Hi, I'm Sue!
I'm a wife, mother and grandmother and have been described by some of my friends as a bit of a hippy or earth mother. But I think I’m just a real old fashioned country girl at heart. I was born in a little cottage on a farm in the heart of Dorset, just a short distance from the county town of Dorchester. My childhood was quite idyllic; long summers spent free-ranging on the farm and although I didn’t realise it at the time, my parents were educating me in so many things that I now use and value.
At the end of the season we would gather and store apples, wrapping each one very carefully in old newspapers. Carrots would be put in a barrel with layers of sand and my mum, who was and still is an incredibly good cook, would be pickling and preserving all that she could, from piccalilli to runner bean chutney, jellies and jams.
My brother and I would gather blackberries and return home with faces and hands stained from the juices, proudly handing over the bowls of plump berries we had foraged for jam making. We lived by the seasons and from the land and had a varied but extremely healthy diet. Lots of veg, stews and my mum's amazing roast dinners which the family still get excited about when invited to join mum and dad for Sunday lunch!
We ate rabbit, pheasant and venison alongside your more normal beef, lamb etc. The smell of my mum's cooking was always drifting through the house, large vats of stew slow cooking on a log fed Rayburn. Something becomes ingrained in you when you are a farmer's daughter.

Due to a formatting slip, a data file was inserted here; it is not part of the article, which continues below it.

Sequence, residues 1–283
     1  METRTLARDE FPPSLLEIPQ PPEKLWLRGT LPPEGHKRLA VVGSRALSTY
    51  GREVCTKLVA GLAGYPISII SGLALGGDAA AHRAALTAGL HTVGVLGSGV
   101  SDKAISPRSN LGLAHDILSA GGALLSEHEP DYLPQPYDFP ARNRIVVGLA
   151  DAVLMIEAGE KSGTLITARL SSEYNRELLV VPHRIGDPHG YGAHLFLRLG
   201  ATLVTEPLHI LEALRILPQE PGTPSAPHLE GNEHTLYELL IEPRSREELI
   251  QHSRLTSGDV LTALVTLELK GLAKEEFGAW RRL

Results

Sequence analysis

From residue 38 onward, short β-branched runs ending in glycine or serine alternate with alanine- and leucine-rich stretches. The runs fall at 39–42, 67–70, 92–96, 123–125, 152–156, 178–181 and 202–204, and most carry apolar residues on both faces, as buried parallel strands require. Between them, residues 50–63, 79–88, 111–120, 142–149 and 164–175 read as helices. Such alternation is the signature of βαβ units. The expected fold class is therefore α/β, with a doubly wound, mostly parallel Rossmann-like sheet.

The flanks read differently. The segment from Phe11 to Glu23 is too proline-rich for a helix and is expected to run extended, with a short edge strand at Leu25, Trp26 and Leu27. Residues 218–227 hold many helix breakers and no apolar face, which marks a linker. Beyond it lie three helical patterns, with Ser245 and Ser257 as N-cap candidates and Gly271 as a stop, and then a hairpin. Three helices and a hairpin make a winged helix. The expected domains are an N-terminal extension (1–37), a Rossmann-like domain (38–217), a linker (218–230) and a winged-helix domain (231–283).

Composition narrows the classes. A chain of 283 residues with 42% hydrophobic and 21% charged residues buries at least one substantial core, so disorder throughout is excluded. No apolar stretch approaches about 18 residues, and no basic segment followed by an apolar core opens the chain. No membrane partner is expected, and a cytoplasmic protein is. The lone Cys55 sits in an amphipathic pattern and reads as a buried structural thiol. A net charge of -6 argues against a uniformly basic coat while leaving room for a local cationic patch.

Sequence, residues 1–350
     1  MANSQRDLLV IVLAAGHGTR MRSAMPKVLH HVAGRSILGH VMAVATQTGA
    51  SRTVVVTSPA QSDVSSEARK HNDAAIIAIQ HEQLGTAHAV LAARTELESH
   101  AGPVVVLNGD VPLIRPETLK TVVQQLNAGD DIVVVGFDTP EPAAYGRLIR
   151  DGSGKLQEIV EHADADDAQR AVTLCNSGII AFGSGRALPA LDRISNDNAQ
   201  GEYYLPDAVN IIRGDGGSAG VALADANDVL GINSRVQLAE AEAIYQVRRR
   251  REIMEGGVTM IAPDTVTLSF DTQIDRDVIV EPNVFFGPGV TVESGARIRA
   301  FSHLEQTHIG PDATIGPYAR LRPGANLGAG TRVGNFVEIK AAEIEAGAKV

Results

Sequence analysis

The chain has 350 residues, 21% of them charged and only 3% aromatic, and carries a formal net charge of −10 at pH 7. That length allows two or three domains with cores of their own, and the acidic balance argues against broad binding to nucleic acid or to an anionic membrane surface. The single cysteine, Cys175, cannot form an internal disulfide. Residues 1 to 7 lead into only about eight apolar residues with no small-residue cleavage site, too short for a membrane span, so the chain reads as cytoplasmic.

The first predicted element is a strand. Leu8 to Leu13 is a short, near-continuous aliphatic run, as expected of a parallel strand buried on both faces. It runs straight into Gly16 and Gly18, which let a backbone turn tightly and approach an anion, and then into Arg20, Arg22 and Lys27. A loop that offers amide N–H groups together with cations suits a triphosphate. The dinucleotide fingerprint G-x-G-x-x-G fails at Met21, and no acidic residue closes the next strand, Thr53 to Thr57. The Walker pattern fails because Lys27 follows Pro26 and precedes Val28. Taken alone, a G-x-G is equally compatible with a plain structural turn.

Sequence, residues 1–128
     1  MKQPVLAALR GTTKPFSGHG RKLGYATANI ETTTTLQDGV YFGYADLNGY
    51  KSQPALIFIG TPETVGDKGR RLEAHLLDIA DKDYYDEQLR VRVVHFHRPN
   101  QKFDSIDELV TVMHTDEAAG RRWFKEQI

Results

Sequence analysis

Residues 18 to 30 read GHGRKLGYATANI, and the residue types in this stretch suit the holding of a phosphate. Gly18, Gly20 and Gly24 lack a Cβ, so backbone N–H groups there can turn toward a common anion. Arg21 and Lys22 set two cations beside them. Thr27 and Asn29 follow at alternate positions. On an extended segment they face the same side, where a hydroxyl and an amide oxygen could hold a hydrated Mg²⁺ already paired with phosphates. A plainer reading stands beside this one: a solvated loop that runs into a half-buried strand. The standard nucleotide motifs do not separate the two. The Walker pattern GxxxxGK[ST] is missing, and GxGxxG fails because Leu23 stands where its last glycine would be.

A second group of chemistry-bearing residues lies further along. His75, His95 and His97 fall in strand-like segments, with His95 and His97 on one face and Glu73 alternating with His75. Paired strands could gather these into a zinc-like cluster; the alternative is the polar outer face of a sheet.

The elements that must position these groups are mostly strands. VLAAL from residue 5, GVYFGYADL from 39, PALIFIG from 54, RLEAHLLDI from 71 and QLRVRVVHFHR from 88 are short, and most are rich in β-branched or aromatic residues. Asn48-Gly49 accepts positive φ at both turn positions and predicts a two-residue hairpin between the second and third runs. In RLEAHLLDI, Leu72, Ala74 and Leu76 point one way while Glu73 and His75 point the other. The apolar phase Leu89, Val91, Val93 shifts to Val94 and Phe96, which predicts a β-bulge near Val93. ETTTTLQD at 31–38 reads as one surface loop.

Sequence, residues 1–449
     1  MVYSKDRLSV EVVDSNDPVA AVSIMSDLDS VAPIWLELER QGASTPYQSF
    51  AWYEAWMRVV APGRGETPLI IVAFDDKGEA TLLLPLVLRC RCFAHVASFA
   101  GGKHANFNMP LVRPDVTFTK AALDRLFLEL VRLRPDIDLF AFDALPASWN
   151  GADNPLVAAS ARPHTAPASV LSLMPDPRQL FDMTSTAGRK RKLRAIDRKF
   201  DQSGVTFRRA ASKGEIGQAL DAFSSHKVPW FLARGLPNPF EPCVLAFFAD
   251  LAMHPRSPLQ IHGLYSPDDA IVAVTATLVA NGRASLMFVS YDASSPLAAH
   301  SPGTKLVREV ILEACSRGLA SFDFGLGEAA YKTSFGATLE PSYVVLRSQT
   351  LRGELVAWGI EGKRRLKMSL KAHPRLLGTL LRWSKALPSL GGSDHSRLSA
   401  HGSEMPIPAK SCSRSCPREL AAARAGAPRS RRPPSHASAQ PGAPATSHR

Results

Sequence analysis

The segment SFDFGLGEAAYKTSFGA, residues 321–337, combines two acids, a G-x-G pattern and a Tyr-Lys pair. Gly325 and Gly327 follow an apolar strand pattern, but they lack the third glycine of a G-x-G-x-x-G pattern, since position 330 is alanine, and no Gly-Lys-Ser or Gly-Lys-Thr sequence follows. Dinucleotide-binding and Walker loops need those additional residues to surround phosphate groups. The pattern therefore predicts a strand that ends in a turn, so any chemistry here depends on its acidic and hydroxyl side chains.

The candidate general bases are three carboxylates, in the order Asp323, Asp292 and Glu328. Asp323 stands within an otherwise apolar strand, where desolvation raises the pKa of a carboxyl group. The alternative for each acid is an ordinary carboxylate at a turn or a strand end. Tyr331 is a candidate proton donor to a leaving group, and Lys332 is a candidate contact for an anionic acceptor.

I get an indescribable urge as spring approaches to turn the soil and plant and nurture and as the seasons change so do I. At harvest time I feel a need to gather and store and fill my freezers to the brim ready for the pending winter months.
I have an allotment which I love tending to and apart from when I’m working as a hypnotherapist, I find myself immersed in growing , cooking and crafting, again most projects driven by the season. I love nothing more than being surrounded by my family; my three wonderful very grown up children, their partners, my granddaughter and of course my amazing husband / chief food taster and very handy handyman.
He is always building and constructing things on my request to grow things up or put things in.
I adore living in Dorset and could not imagine being anywhere else. I love it’s incredibly stunning landscapes, outstanding beauty and the wonderful people. Dorset is steeped in history and tradition, from the writer Thomas Hardy to Dorset knob throwing contests! There are so many fabulous producers of cheeses and wines, meats, cereal and honey and so much more. And I love nothing more than using local produce in my home and in my cooking.
The farm was a mixture of livestock and arable and we had our own chickens, sheep, pigs and my Dad's incredible vegetable patch. From an early age myself and my brother were given responsibilities around the farm; feeding animals and helping Dad with the watering of the vegetable patch during the summer months, while he was working long hours harvesting and hay making. He use to leave rows of buckets of water for us in the morning by the veg patch and after school it was our job to ensure each plant was adequately watered (each young cabbage plant had a mug of water.)
Another duty was picking caterpillars off the cabbages. I then, without Dad's knowledge, would keep them in a large jar and feed them and eventually release them. I don’t think I understood completely the damage they caused to his crop.
Hi, I'm Katie!